How to appeal to a younger generation
One of the most profound questions lenders are asking themselves today is “How do we capture the millennial consumer?” They are a generation apprehensive of borrowing, having lived through the Occupy Wall Street movement and the Great Recession of 2008. So, lenders today need to ask themselves, “What can we do to earn the Millennial generations trust, and what technology do we need toobtain relavancy?”
For Millennials (born 1981 to 1996), their day has come. This year they are 22 to 37 years old: They are the prime market for lenders NOW. When Millennials strike out to buy a car or a home, lenders will have little chance to make the loan if they don’t already have a relationship with them. This is one of the reasons it is vital for banks and credit unions to think about the habits of Millennials—and Gen Zs—as the lenders adopt new technology. Recognizing that practices, needs, and personalities can vary by generational cohorts, lenders need to become better students of each generations peculiarities. This means that the technologies lenders adopt should conform to those practices, needs, and personalities.
The Great Recession of 2008 was a defining moment for Millennials. Many of them graduated from college when jobs were scarce and their student debt heavy. They’re leery of debt, and have delayed borrowing money for new cars or homes. In a sense, the Great Recession has given lenders a few extra years to forge relationships with Millennials. As they focus on this cohort, they should consider these characteristics reported by the Pew Research Center:
- First of all, they are by far the most educated generation: 29 percent of men ages 21 to 36 and 36 percent of women have completed at least a bachelor’s degree. Among Boomers in 1985, when they were in a similar age range, 22 percent of men and 20 percent of women had four-year degrees. This augurs well for their earning power down the road.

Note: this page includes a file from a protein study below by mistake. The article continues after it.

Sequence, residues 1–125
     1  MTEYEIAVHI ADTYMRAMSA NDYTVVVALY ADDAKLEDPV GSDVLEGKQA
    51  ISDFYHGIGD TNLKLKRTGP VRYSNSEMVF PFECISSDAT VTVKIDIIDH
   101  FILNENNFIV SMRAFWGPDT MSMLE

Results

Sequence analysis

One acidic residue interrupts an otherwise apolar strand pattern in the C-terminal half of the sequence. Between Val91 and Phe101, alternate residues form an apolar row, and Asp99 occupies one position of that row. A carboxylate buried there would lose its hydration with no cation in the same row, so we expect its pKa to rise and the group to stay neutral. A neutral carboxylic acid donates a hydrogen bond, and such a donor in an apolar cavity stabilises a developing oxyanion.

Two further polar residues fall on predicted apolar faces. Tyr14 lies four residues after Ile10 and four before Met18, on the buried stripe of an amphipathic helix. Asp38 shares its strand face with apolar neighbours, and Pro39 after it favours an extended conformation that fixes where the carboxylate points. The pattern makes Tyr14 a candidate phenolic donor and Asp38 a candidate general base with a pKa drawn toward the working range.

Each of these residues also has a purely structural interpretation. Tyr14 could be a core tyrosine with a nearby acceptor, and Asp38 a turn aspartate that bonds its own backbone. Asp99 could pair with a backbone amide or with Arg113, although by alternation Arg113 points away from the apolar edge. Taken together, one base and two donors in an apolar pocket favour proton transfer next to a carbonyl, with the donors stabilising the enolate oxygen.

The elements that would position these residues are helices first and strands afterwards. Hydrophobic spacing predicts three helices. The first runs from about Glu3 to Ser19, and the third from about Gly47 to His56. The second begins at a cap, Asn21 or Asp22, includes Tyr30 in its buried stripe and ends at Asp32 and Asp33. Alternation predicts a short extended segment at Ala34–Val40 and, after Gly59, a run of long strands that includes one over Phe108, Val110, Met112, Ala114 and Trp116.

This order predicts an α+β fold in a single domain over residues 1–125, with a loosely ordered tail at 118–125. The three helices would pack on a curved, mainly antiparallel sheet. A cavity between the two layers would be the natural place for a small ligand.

- They’re less likely to be married: 57 percent have never been married. When “The Graduate” hit theaters in 1967, the expectation of marriage immediately after college was typical for the Silent Generation, who were then ages 22 to 39. For Millennials, first marriages are happening in their late 20s, and the biggest reason they wait is they don’t consider themselves financially prepared.
- They’re more diverse: 56 percent were non-Hispanic whites in 2017, compared with 84 percent for the Silents in 1965. The share that is Hispanic is five times as large among Millennials (21 percent) as it was among Silents (4 percent). The share that is Asian has also increased, while the share that is black has remained roughly the same. Whatever picture you have in your mind of a Millennial, expect reality to challenge your expectations and to continue changing.
- They’re wedded to their smartphones: 92 percent own smartphones, compared with 85 percent of Gen Xers (those who turn ages 38 to 53 this year), 67 percent of Baby Boomers (ages 54 to 72) and 30 percent of the Silent Generation (ages 73 to 90).
- They are active on social media: 85 percent use social media, and they have been faster than older generations to adopt new platforms, such as Instagram (52 percent) and Snapchat (47 percent).
So what does all of this data mean? It means lenders need to be available anytime and anywhere – meeting consumers everywhere. The data clearly shows that millennials are on their smart phones, all the time. To capture this market, your institution must be available online and on any mobile device. You need smart adaptive online lending technologies, and platforms that enable consumers to open new accounts quickly, and effortlessly. If your institution fails to modernize, you risk becoming a relic of the past. Each day more and more products are being purchased either online or from a cell phone. In 2015, over 70% of all purchases on Amazon were from a mobile phone. Your institution should treat loan products and new accounts the same way; your millennial consumer is on their phone – meet them there!
Technologies that conform to Millennials’ behaviors show that you consider them important. That recognition is fundamental to developing trust. If you are able to deliver services seamlessly through mobile apps, you build loyalty and you might be able to get their attention when they need a loan. The consequences of ignoring consumer habits can be catastrophic, leading to dismal revenue growth for your institution. If you don’t have a mobile app or online portal available anytime and everywhere, you don’t exist to Millennials.